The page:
White Sox

Adam Eaton has the only 1976 White Sox throwback jersey Chris Sale didn't destroy

Adam Eaton has the only 1976 White Sox throwback jersey Chris Sale didn't destroy

Former White Sox pitcher Chris Sale made plenty of headlines in 2016. Most were good, as the ace went 17-10 with a 3.34 ERA.

But when he reportedly tore through the White Sox clubhouse with a pair of scissors, cutting up and ruining the 1976 throwback jerseys the team was supposed to wear during his scheduled start, it became a national story.

But there was more to the story, which former White Sox outfielder Adam Eaton shared on Monday during his time on CSN's White Sox Talk podcast.

"I think there was quite an audience," Eaton told Chuck Garfien. "And it was comical. I love Chris to death, and the beauty of Chris is that anything Chris does, he does full-bore. May it be working hard at baseball, may it be a bullpen, may it be a game.

"He had a feeling and he had a belief that in order for him to win the ballgame that day, he had to  have a certain uniform on. And the team didn't agree with him, and that's what happened.

Eaton, who was traded to the Nationals in exchange for three pitching prospects last week, said he wasn't going to take sides when the incident happened, and wouldn't know. But he did confirm the reports that just about every jersey was destroyed. Expect, of course, for his.

"I think I may have the only one that didn't get cut up. I secretly yanked mine down when he wasn't looking, and as of right now I think - besides the coaches; the coaches are one thing - but I want to know for sure that I'm the only player that didn't get his cut up."

Eaton said the jersey is authenticated and he currently has it in a box in his basement. He's hoping that, even though the Nats and Red Sox don't play each other, he can make his way to Boston to get the jersey signed by Sale as another addition to his man cave.

Hear what else Eaton had to say about his own trade, the White Sox rebuild, and much more on the White Sox Talk podcast right here.

Daily White Sox prospects update: Eight more strikeouts for Michael Kopech

Daily White Sox prospects update: Eight more strikeouts for Michael Kopech

Here's your daily update on what the White Sox highly touted prospects are doing in the minor leagues.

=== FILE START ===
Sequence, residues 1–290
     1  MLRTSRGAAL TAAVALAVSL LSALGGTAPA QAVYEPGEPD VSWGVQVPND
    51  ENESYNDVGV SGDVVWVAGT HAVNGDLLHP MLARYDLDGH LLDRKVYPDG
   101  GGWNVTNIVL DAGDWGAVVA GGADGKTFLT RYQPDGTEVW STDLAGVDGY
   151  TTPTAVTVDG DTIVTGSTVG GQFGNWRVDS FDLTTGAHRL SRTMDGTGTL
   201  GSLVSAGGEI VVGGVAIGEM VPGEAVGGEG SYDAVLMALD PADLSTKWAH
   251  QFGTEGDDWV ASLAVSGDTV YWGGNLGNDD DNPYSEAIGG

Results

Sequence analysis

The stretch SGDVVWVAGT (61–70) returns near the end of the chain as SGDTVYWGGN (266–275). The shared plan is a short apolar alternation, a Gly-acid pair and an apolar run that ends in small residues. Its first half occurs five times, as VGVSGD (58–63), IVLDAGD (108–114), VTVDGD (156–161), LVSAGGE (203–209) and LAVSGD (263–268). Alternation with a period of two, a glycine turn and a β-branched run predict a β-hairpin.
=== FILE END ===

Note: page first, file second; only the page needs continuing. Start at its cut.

Triple-A Charlotte

Michael Kopech made another strong start, striking out eight batters and allowing just one run and one hit in six innings of work. He's up to 29 strikeouts in four starts this season with his ERA down to 2.14 as fans and observers alike wonder when he'll reach the big leagues. Charlie Tilson had two hits, a walk and a stolen base in a 2-1 loss.

Class A Winston-Salem

Micker Adolfo homered in each game of a doubleheader and now has five home runs on the season. Dylan Cease started one game, a 4-3 loss, and allowed no earned runs but last just 3.2 innings as he both walked and struck out six. Gavin Sheets went 3-for-3 with a double in that game. In the other, a 9-3 win, Adolfo had a double to go along with his homer and finished with five RBIs. Luis Alexander Basabe, Alex Call and Joel Booker combined for five doubles in that game.

Double-A Birmingham

Zack Collins had two hits, including a home run, with a walk, two RBIs and a run scored. Ian Clarkin gave up six runs in just four innings as his ERA leaped up to 4.57. Eloy Jimenez was hitless but had a walk and an RBI in a 9-8 loss.

Class A Kannapolis

Luis Gonzalez had a hit and Evan Skoug had a walk in a 3-0 loss.

Robinson Cano sees superstar potential in Yoan Moncada

Robinson Cano sees superstar potential in Yoan Moncada

The greats know greatness.

Looking across the field this week at Yoan Moncada, 8-time All-Star Robinson Cano not only saw a lot of himself in the White Sox second baseman, he believes he was witnessing a future baseball star.